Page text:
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Antidepressants That Don't Affect the Libido

author image Shira Goldenholz
Shira Goldenholz has been writing since 2001. She has edited a neurosciences coursebook and co-authored an article published in the "Journal of Child Neurology." She has contributed to a report on children's mental health and has written for an autism website. She holds a medical degree from the University of Wisconsin-Madison and a Master in Public Health from Boston University.
Antidepressants That Don't Affect the Libido
Several antidepressants are available that do not affect the libido. Photo Credit couple-playing image by JulianMay.co.uk from <a href='http://www.fotolia.com'>Fotolia.com</a>

Depression is a common mental health problem that is often treated by a class of medication called serotonin-specific reuptake inhibitors, or SSRIs. Examples of SSRIs include fluoxetine--Prozac--and sertraline--Zoloft. This group of medications may cause the side effect of sexual dysfunction, including a loss of libido, or sexual drive. However, there are several antidepressant medications that do not generally cause a change in libido; these may be preferred by patients being treated for depression who are worried about changes in their sexual function.


Bupropion, sometimes known by its brand name, Wellbutrin, is an antidepressant that is categorized as a dopamine reuptake inhibitor--it increases the amount of dopamine available within the brain by blocking its ability to be reabsorbed. The exact mechanism of action of burpropion is unclear. It is thought that by inhibiting the reuptake of both dopamine and another brain chemical, norepinephrine, symptoms of depression improve.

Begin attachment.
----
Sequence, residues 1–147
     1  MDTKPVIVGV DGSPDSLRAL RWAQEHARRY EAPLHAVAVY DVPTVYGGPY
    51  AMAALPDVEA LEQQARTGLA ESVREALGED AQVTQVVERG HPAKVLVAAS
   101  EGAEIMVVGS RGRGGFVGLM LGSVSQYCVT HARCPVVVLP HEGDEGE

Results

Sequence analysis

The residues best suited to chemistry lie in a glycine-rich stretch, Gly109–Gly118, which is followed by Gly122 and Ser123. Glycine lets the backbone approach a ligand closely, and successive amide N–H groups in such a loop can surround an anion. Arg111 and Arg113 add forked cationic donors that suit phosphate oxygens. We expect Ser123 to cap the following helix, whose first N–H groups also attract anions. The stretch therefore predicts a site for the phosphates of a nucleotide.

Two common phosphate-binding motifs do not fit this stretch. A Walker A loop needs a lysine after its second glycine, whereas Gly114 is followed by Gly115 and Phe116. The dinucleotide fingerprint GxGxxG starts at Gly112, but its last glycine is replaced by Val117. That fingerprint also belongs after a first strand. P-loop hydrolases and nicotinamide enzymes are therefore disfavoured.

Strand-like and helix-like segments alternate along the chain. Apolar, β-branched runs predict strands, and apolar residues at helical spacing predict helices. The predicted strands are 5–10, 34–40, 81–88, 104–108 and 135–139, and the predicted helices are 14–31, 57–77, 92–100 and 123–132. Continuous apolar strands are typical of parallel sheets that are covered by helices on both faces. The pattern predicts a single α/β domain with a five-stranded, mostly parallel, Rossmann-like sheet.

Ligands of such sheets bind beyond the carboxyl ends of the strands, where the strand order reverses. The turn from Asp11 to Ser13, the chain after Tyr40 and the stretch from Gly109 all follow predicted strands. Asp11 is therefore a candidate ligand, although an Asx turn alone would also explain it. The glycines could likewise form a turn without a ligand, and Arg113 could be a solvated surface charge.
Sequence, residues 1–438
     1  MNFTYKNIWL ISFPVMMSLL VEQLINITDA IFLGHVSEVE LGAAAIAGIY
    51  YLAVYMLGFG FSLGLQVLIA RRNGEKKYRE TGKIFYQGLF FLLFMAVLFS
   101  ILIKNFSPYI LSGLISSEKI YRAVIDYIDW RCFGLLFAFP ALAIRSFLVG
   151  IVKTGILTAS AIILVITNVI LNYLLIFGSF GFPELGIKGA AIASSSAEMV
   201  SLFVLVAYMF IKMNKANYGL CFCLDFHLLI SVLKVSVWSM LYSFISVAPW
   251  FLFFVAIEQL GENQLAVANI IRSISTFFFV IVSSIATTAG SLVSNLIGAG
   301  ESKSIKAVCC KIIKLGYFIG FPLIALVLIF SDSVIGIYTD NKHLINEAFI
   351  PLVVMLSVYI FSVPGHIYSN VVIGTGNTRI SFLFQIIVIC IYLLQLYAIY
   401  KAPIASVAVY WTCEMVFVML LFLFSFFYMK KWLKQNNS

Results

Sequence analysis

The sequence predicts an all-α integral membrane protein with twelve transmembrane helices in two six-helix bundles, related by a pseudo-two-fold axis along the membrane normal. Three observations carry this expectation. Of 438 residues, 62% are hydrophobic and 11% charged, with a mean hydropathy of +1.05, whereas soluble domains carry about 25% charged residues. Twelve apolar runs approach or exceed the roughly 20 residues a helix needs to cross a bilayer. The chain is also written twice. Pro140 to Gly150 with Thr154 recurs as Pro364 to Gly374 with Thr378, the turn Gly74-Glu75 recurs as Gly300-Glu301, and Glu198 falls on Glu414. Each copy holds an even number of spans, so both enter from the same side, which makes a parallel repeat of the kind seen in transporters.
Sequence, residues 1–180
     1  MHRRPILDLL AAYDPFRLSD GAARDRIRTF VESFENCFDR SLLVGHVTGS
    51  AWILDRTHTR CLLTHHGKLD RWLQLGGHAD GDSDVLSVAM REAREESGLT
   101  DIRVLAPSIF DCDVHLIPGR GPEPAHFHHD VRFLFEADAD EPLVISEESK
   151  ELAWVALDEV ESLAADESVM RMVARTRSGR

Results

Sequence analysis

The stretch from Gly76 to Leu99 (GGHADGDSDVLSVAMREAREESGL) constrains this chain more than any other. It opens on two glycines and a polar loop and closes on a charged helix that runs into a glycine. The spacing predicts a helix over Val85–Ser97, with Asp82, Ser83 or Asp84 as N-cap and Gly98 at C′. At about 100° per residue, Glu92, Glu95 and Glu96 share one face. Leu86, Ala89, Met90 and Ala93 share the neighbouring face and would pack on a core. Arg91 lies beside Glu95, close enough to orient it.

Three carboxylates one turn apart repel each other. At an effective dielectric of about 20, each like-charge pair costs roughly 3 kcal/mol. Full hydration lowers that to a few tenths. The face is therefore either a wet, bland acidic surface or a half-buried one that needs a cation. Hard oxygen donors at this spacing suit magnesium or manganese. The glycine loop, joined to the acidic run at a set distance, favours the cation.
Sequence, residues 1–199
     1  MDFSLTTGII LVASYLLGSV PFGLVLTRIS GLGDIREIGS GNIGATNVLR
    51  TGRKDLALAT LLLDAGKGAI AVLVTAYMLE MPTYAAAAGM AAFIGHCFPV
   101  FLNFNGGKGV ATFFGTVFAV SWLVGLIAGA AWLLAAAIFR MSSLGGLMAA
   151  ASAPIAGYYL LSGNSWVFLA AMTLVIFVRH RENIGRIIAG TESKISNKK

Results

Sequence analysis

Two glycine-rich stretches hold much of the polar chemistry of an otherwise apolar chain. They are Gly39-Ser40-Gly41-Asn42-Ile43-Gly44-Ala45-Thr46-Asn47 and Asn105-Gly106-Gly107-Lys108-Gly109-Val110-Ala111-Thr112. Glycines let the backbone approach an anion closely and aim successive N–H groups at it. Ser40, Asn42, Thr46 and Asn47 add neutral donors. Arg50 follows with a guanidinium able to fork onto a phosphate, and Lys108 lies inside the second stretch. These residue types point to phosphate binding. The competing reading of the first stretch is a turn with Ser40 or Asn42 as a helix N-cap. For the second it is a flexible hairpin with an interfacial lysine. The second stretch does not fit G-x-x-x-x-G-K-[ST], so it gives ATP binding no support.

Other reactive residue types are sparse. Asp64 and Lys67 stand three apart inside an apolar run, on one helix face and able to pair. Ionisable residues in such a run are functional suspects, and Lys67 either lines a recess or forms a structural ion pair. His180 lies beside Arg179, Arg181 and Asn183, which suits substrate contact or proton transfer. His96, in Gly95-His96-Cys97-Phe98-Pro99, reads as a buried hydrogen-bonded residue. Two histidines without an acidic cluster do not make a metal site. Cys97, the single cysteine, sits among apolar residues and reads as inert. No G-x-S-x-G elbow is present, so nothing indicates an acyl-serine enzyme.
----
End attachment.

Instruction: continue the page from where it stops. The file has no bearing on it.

Side effects relating to sexual dysfunction do not occur; however, headaches, weight loss and nausea may be potential side effects that patients should be aware of when taking this medication.

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Mirtazapine is another kind of antidepressant medication. It is thought to work by blocking a type of cell receptor known as the alpha-two receptor. This blockade causes an increase in the amounts of both serotonin and norepinephrine neurotransmitters; these are both chemicals within the brain which are thought to be associated with depression.

According to The National Institutes of Health website, Medline Plus, sexual side effects, such as a loss of libido, do not occur while taking this medication, but patients may feel dizzy, anxious or confused. Somnolence, or excessive sleepiness, occurs in more than half of patients taking this medication. Constipation, nausea, and vomiting may also occur. In very rare cases, heart problems and seizures may occur.


Venlafaxine is known as a serotonin-norepinephrine reuptake inhibitor--it blocks the reuptake, or absorption, of both serotonin and norephinephrine. This medication is another possibility for patients who are experiencing side effects from SSRI medications.

While sexual dysfunction may occur, loss of libido is a rare side effect; according to the medical reference "UpToDate," only about 5 percent of patients will experience this unpleasant effect. More commonly, venlafaxine causes headache; dizziness; insomnia or its opposite, excessive sleepiness; and nausea. This latter side effect is especially common with venlafaxine, occurring in nearly two-thirds of patients who are taking this medication.

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